A proposed Lax Kw’alaams checkpoint on Hwy 16 between Prince Rupert and Terrace could hurt businesses here, says the president of the Terrace and District Chamber of Commerce.
“We have a good portion of business that comes from Rupert,” said chamber president Tom Keller on May 8. “Absolutely if they are stopping traffic coming our way from Rupert we will definitely feel an impact.”
COVID-19 restrictions and social distancing guidelines have made this an especially difficult time for businesses, even larger locally owned retailers like Canadian Tire, he added.
“I don’t think any business is thriving truly in Terrace right now,” said Keller. “From the small shops right up to the big shops, everybody will feel it.”
Terrace mayor Carol Leclerc said she has not spoken to her Prince Rupert counterpart Lee Brain about the possibility of a road blockade, but that “people from Prince Rupert and that area are always welcome here in Terrace.”
Leclerc doesn’t think a checkpoint would have a significant impact on the city, because COVID-19 social distancing guidelines have limited non-essential travel already.
Several First Nations and municipal leaders from the north and central coast communities issued a release on April 30, calling for more support from government in preventing non-essential travel to remote communities.
“Lax Kw’alaams has reserve lands that cross Highway 16 between Terrace and Prince Rupert and we are preparing to create a checkpoint to monitor and enact travel restrictions,” said Lax Kw’alaams mayor Garry Reece in the joint release. “We cannot let this virus come into our community, there is just too much at risk for our people.”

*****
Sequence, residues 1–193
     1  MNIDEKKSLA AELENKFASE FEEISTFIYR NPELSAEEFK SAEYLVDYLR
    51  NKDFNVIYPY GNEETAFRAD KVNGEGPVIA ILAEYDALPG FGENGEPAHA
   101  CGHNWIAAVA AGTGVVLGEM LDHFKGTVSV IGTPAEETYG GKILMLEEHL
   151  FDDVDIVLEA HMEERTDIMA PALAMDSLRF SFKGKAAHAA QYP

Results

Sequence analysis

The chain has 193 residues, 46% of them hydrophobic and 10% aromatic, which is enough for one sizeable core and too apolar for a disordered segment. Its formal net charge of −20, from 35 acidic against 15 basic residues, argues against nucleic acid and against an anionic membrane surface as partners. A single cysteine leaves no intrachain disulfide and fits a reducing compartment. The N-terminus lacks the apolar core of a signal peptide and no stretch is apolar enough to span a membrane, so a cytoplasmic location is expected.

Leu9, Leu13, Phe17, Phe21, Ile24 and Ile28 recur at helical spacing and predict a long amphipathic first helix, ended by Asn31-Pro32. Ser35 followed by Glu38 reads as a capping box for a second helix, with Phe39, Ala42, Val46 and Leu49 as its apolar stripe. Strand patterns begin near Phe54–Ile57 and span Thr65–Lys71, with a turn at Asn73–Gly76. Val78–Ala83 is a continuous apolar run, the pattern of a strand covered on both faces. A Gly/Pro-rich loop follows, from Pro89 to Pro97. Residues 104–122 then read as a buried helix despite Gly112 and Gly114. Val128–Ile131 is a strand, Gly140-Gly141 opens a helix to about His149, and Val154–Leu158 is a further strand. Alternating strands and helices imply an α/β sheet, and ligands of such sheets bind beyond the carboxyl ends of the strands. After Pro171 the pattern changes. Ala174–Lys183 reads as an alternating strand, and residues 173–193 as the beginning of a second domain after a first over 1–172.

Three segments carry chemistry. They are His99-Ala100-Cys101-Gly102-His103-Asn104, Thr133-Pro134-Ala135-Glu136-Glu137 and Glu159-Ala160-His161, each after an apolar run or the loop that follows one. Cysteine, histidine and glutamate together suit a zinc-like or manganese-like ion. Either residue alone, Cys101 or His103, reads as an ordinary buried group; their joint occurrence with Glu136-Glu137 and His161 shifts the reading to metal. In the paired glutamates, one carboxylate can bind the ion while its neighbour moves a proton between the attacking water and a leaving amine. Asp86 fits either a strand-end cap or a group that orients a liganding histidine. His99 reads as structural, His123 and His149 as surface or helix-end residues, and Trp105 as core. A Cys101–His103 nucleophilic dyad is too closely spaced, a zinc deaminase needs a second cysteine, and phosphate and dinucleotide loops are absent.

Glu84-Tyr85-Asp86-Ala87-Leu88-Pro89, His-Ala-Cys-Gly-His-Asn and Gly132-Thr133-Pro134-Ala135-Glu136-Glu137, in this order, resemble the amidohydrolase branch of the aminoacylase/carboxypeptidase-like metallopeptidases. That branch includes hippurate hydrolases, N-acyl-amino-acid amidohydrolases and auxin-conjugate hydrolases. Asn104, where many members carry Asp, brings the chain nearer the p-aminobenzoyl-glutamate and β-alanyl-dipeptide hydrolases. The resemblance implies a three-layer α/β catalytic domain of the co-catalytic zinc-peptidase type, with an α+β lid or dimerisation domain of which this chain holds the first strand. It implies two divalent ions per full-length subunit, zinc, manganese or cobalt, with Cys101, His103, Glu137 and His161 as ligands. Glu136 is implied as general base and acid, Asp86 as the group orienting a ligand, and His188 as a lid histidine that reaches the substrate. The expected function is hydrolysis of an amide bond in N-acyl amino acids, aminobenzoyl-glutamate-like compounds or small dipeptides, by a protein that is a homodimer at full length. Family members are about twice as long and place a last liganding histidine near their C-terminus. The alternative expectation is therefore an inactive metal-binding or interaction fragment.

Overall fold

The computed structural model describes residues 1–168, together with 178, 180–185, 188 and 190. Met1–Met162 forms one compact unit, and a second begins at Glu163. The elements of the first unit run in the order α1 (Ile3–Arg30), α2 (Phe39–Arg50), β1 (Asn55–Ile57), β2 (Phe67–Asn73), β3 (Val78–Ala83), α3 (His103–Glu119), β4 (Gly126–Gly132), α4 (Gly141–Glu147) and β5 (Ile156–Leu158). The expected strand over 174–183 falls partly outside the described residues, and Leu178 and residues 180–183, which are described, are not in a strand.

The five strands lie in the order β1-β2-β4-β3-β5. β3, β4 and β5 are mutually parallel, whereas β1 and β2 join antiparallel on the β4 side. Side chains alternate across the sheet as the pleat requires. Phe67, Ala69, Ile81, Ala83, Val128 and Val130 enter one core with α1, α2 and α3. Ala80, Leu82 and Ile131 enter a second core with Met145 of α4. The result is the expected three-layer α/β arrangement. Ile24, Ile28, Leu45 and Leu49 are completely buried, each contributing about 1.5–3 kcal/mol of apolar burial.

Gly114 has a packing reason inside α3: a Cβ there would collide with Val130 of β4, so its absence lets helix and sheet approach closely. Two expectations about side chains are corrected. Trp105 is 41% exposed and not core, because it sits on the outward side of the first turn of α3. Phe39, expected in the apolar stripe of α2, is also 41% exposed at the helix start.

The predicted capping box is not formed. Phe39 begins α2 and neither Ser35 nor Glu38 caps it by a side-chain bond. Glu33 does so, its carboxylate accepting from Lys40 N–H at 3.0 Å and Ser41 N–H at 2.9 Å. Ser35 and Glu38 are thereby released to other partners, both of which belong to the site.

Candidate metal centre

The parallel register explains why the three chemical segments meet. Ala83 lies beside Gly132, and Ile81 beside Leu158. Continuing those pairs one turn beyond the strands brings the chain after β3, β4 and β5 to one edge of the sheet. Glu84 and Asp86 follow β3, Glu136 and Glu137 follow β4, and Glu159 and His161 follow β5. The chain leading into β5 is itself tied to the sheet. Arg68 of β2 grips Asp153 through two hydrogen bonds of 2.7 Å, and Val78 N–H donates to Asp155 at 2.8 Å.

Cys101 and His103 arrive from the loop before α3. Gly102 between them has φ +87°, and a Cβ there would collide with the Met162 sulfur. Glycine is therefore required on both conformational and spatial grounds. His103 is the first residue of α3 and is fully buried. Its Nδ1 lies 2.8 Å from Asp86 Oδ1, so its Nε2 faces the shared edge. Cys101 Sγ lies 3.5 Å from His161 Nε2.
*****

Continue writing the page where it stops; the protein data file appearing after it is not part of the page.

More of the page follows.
On May 3, Reece said during a webinar hosted by the Council of the Haida Nation that more than 1,000 Lax Kw’alaams members, many of them elders, live in Prince Rupert and that non-essential travel to the city should be stopped.
The site of the proposed checkpoint would be at Salvus, about 60 kilometres west of Terrace on Highway 16, where the highway crosses over a small reserve parcel of the Lax Kw’alaams.
The provincial highways ministry confirmed this week the province has no tenure for the highway passage through the reserve, effectively placing it within the control of the Lax Kw’alaams.
Despite some anxiety, Keller said Terrace businesses understand the situation. “We all respect and understand the desire to keep small communities safe right now, a lot of them don’t have medical staff on hand regularly so they really want to protect themselves.”
Lax Kw’alaams is on a peninsula on the north coast with access limited to ferry or floatplane.
It has been in isolation, with ferry traffic curtailed and visitors restricted to those on essential business only but normal ferry service is to resume May 11. Isolation may no longer be required unless there are signs of COVID-19 present.
Keller said that it is difficult to make predictions because of a lack of details about how the checkpoint would work, or if it will even happen. “The businesses are all doing their best to work with what we have so it’s really just one day at a time.”